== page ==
People don’t just bring elderly to die there.. they also kill themselves.
Absolutely fascinating read wow! Such a great tip to not leave your ribbon behind so that others visiting the forest can potentially save someone. It reminds me a bit of Blarwitch Project though, not sure I will have the guts to go!
I loved this! I’ve always been so fascinated by this forest but truthfully didn’t know too much about actually visiting it. I can see why you’d want to though, it’s beautiful. I didn’t know it was so easy to get lost, actually and I definitely agree it’s wise to not follow the ribbons. Thanks so much for sharing your experience with it. I’m definitely intrigued to go.
Wow. Very interesting read. I dont know if i have the guts to visit this myself, what with all my over-acting imagination running. i love how you turned it into something really important and sensitive, though. Thank u for sharing!
This is a very interesting article! I first heard of Aokigahara when I saw the trailer for The Forest movie. It seems like a very eerie forest. I didn’t know about the ribbon trails until I read your post.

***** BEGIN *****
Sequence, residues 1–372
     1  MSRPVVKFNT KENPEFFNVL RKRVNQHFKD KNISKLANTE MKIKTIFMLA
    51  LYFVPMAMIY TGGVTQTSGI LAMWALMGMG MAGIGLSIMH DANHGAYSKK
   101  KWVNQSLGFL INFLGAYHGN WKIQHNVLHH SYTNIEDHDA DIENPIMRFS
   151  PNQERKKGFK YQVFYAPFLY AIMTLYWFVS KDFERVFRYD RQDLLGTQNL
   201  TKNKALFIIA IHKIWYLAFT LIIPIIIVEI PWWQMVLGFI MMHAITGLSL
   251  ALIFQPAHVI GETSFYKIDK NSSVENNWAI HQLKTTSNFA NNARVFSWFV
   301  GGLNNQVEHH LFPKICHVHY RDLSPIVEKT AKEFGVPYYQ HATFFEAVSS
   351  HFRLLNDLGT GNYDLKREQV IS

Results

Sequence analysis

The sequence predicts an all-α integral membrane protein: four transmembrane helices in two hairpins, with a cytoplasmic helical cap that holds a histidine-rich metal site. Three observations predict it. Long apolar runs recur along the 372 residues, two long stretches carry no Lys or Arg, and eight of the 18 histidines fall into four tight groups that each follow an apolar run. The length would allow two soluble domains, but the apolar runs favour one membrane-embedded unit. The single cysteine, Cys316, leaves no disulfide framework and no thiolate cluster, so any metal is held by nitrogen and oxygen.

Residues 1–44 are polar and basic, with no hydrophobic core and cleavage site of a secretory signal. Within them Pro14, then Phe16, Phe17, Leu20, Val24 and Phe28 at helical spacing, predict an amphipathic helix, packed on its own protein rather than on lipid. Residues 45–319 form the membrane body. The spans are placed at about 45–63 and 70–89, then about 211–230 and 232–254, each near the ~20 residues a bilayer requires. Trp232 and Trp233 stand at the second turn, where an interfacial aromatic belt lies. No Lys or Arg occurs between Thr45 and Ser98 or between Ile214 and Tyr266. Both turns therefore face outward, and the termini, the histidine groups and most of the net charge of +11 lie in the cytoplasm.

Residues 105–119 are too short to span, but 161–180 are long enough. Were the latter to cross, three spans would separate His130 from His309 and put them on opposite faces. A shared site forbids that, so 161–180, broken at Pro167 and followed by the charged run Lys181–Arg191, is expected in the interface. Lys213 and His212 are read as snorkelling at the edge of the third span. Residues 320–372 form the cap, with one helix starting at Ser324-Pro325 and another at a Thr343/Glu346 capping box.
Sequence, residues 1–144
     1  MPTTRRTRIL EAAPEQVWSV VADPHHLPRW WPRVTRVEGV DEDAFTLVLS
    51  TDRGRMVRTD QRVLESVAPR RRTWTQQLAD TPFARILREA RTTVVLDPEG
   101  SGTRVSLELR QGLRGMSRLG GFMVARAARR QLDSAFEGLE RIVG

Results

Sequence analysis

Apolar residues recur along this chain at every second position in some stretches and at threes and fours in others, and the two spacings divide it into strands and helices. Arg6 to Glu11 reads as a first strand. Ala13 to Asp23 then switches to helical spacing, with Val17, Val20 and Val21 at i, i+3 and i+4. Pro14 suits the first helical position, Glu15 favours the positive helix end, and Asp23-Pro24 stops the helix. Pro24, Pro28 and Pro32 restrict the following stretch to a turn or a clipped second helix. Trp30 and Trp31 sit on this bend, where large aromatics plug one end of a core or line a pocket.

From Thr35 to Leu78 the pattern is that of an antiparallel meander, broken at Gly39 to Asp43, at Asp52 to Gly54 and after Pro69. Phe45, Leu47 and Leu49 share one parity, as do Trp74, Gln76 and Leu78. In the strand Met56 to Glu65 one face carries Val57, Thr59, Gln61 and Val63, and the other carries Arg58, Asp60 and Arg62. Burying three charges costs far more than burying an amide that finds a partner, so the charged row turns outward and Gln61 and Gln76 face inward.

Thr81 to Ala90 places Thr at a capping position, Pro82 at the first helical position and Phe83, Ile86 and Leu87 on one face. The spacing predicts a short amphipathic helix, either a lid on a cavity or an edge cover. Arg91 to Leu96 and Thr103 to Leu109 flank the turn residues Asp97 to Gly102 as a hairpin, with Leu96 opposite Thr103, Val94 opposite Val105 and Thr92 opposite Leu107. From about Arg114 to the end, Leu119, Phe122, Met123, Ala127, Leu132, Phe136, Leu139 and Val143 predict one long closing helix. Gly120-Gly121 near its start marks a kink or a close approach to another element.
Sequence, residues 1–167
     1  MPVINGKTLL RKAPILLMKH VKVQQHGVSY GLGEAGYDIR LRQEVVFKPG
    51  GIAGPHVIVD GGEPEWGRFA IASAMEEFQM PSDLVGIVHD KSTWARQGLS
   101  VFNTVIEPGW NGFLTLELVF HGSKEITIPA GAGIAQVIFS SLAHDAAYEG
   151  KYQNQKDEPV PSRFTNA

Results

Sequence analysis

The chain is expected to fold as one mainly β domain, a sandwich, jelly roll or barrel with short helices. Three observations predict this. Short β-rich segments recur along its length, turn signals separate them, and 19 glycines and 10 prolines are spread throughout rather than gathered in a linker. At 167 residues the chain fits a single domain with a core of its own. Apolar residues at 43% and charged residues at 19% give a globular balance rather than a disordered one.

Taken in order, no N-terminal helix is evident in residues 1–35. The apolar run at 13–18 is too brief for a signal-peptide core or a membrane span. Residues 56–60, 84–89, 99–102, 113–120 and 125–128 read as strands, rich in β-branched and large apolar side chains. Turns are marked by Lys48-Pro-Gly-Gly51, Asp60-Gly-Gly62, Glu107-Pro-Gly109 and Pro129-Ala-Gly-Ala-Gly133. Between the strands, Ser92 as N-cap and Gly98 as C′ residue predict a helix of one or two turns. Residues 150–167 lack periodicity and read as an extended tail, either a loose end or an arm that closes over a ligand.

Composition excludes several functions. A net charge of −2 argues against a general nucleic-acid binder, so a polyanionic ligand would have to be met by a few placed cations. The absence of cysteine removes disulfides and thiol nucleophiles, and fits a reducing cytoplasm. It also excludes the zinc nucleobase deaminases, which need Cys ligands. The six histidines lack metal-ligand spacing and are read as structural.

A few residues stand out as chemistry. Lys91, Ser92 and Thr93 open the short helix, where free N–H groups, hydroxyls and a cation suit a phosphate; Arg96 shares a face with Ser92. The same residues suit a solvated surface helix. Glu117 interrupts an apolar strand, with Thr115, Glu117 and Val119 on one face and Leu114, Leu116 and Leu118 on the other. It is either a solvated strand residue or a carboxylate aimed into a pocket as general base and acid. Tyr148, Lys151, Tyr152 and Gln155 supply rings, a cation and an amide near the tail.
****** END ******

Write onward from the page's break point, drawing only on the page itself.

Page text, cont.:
I wouldn’t visit this forest because I don’t want to stumble upon a dead body by accident.
Have you watched AbroadInJapan’s Aokigahara video on Youtube? You might find it interesting too.
Wow that is a really interesting place and your post is so thought provoking. I would want to help people but I wouldn’t want to see a dead body. Your pictures are great though, the forest does look beautiful.
Omg, this forest sounds really scary. I had no idea that ribbons led to a dead body. Crazy. You are brave for going. I really just thought it was something hollywood made up. Thank you for the share!!!